When the Academy Award nominations were announced this week, there was the usual talk of which pictures and performers were snubbed. Among those, much attention has been given to Saving Mr. Banks, which was nominated for Best Original Score only (ironic, since much of the music is borrowed from Mary Poppins) and its stars, Tom Hanks and Emma Thompson.
While many articles are discussing potential reasons for the snubs, few (if any) are talking about one obvious reason: a day before Academy members had to submit their ballots, Meryl Streep spoke at the National Board of Review Awards and slammed the memory of Walt Disney saying he “had some racist proclivities” and “supported an anti-Semitic industry lobbying group and [was] a gender bigot."
Just how damning were those remarks with just hours left to nominate? Very, it seems. While Saving Mr. Banks was considered a front-runner for Best Picture and several other awards, it received only one. Many Academy members wait until the last minute to vote (http://www.hollywoodreporter.com/race/audience-heckling-disneys-legacy-a...) and submit their ballots online, and with a group of voters that is incredibly sensitive to equality issues for all races, genders and religious groups, having someone like Meryl Streep speak out like that so close to voting time may have been all voters needed to leave Saving Mr. Banks off their lists.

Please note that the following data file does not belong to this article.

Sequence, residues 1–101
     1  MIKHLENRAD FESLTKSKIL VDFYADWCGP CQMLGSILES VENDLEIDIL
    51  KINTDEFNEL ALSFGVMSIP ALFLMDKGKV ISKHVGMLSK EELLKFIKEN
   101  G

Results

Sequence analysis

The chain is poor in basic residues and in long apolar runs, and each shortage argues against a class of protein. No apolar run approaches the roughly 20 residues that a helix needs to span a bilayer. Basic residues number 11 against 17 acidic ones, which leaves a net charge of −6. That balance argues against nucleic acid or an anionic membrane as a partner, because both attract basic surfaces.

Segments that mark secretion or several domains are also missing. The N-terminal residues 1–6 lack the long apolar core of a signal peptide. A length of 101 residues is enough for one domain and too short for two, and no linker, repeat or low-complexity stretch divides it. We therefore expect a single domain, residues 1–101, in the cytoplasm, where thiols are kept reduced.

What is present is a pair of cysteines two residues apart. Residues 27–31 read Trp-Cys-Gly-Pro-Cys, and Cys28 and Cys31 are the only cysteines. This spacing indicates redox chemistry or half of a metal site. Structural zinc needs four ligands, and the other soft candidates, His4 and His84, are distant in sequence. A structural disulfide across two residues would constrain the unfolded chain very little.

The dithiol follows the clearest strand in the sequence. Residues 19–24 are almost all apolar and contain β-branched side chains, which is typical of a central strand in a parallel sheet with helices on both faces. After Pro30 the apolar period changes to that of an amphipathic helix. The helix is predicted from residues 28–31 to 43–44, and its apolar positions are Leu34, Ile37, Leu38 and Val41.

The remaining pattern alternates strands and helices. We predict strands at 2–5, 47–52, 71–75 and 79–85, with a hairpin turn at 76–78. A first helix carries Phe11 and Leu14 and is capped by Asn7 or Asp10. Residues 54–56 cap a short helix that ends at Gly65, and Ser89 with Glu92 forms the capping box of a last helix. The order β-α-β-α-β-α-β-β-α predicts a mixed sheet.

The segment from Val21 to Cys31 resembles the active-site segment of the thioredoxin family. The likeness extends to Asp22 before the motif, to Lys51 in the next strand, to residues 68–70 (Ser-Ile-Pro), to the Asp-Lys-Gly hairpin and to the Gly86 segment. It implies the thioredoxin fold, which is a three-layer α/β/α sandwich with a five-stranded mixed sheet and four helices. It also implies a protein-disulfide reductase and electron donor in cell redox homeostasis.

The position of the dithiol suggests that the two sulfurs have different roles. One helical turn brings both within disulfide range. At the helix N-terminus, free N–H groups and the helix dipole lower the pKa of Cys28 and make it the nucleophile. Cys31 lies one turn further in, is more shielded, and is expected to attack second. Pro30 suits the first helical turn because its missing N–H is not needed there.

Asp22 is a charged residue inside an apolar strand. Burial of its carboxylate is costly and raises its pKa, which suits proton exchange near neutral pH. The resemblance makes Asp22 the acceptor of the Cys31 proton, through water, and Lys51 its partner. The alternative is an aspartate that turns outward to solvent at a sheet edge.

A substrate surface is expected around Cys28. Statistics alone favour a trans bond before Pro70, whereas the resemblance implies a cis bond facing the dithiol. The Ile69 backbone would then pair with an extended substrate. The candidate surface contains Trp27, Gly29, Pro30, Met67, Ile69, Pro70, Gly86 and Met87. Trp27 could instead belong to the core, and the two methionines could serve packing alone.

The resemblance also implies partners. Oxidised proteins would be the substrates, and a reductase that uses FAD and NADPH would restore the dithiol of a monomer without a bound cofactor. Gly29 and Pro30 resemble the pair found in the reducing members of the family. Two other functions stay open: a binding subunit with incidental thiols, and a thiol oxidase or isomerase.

It should be noted that Streep also commented that Disney “brought joy, arguably, to billions of people.” Her words, though harsh, do not seem to have been made with malice and certainly not with intent to harm Saving Mr. Banks' chances to earn any accolades, but regardless of intent, Streep is nominated for Best Actress (and rightfully so) while Thompson is not. Could all of this simply be a case of a jam-packed year, full of excellent film and even better performances? Of course. But with 9 nominations in the Best Picture category, it's easy to think that there could have been 10 had Streep made her remarks one day later. Alas, the world will never know.